How to Arrange Living Room Furniture

Many people initially arrange their living room furniture the day they move to their new home or apartment. Since there are so many other things to consider in a move, the furniture ends up where it ends up, with little thought about how it should be arranged.

Unfortunately, it may just never feel right, even months later. But before you decide to start all over again, it's a good idea to have a game plan, one that is born out of solid design principles rather than the need to get everything out of the moving truck.

It's best to start with measurements. You want to measure the entire room, including the dimensions of the floor, the space between windows and doors and any feature that is going to be a natural focal point, such as a fireplace.

Next you'll want to measure all your furniture. Once you have all the dimensions in hand, you can draw the room out on a piece of graph paper or use a 3-D floor plan tool available online.

Designing virtual allows you to play with different layouts without ever having to lift a stick of heavy furniture. Try different layouts, keeping in mind some basic design strategies:

• Create comfortable conversation. You do not want people to have to shout or twist constantly to talk. Create intimate groupings of seating whenever possible.
• Every room has a focal point, whether it's a fireplace, big screen TV or picture window with breathtaking view. Your seating should be arranged so it can always be in sight.
• Watch traffic patterns. You want people to easily move through the room without it feeling cramped. There should be a clear main path from the entry point of the room.
• Leave plenty of space between pieces. For example, there should be at least 18 "between the sofa and a coffee table.
• Everything does not have to be jammed up against a wall. Unless you have a bunch of fiberboard cabinets, it's OK for people to see the back of a piece of furniture.
• If the room is large, consider breaking it up into different niches.

If your room does not have a primary focal point, your sofa grouping can do the trick. This is especially true if you have a lovely matched set, consisting of a sofa, loveseat and chairs or a large sectional. It can define the room and you can build around it instead of a fireplace or view.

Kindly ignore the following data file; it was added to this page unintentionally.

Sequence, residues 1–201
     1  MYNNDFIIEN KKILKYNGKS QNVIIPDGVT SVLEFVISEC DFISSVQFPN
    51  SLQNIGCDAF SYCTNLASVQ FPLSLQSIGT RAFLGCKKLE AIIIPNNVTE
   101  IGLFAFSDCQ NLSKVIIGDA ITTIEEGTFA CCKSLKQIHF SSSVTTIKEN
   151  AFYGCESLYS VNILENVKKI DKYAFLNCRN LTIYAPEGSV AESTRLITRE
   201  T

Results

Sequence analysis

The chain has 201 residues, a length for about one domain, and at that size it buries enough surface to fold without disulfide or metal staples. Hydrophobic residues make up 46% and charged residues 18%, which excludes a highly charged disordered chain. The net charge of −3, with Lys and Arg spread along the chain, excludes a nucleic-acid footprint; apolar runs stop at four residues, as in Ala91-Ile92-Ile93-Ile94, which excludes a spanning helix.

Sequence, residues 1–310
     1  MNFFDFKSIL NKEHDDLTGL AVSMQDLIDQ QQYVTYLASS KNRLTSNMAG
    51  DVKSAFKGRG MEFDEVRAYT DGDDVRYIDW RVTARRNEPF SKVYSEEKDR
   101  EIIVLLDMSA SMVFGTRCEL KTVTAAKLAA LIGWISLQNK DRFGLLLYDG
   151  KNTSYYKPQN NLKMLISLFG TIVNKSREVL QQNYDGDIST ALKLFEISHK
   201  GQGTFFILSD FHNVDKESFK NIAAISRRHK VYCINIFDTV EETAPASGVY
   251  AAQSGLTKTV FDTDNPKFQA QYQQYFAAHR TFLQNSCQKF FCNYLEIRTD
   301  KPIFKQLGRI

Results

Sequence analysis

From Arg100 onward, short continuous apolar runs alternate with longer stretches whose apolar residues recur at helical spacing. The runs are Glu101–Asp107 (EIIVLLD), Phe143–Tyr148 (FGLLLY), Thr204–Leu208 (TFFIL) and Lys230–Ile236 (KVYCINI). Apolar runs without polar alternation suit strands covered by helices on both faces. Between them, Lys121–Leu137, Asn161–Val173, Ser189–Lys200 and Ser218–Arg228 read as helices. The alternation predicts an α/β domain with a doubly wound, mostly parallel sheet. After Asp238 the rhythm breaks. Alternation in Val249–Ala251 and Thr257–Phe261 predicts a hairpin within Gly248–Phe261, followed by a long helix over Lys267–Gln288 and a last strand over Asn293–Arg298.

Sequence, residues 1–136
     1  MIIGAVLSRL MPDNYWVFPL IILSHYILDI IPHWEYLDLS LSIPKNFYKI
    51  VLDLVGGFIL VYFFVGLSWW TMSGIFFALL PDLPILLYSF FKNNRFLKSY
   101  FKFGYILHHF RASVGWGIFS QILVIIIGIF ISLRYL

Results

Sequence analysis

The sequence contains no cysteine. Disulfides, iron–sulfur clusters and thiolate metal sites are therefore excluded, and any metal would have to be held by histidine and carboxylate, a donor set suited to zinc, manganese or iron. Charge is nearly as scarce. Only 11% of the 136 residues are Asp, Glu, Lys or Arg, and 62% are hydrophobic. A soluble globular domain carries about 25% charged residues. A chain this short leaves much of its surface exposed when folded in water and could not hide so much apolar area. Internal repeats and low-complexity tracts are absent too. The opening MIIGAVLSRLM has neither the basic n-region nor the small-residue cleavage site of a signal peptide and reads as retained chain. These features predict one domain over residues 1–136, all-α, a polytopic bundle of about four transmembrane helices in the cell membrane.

If you want to add a rug to a tile or wood floor, make sure it's big enough. All the furniture placed on a rug should fit inside its confines. That said, be sure you leave bare floor around your rug. Six to 12 inches should be fine. Area rugs need breathing room.

Scale is an important design consideration. For example, a coffee table or end tables should not overwhelm the sofa, sectional or chairs you have. They should complement rather than dominate. Ideally, a coffee table is one half to two thirds the size of the sofa and the end tables should be the same height as the arms. Lower is OK, but never higher.

Once the layout is working for you, then you can add lighting. Remember that the room should be even lit. There should be no dark spots if all the lights were turned on at once. Obviously, you can use different lights to set the mood of the room. A combination of table lamps, floor lamps and ceiling fixtures should work in harmony to create drama and set the tone of the room. Dimmer switches are ideal for this.

Lastly, it's time to add art. Choose pieces that fit the walls that they put on. In other words, do not put a small piece of art on a large wall or try to cram a large piece onto a small wall. Paintings, illustrations and photos should capture the attention of visitors for their beauty and artistry, not because they were placed in an odd location.

Remember that the room should reflect your unique personality. While you want the room to feel comfortable and in harmony to visitors, you're the one who is living in the space day in and day out. It should absolutely fit your needs, not those of your visitors.